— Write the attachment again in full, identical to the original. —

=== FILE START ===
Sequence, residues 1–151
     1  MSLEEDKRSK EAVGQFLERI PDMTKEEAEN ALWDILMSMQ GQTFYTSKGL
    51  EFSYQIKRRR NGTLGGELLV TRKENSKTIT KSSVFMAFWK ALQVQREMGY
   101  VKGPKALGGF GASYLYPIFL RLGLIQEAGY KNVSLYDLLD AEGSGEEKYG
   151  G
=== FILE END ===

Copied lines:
Sequence, residues 1–151
     1  MSLEEDKRSK EAVGQFLERI PDMTKEEAEN ALWDILMSMQ GQTFYTSKGL
    51  EFSYQIKRRR NGTLGGELLV TRKENSKTIT KSSVFMAFWK ALQVQREMGY
   101  VKGPKALGGF GASYLYPIFL RLGLIQEAGY KNVSLYDLLD AEGSGEEKYG
   151  G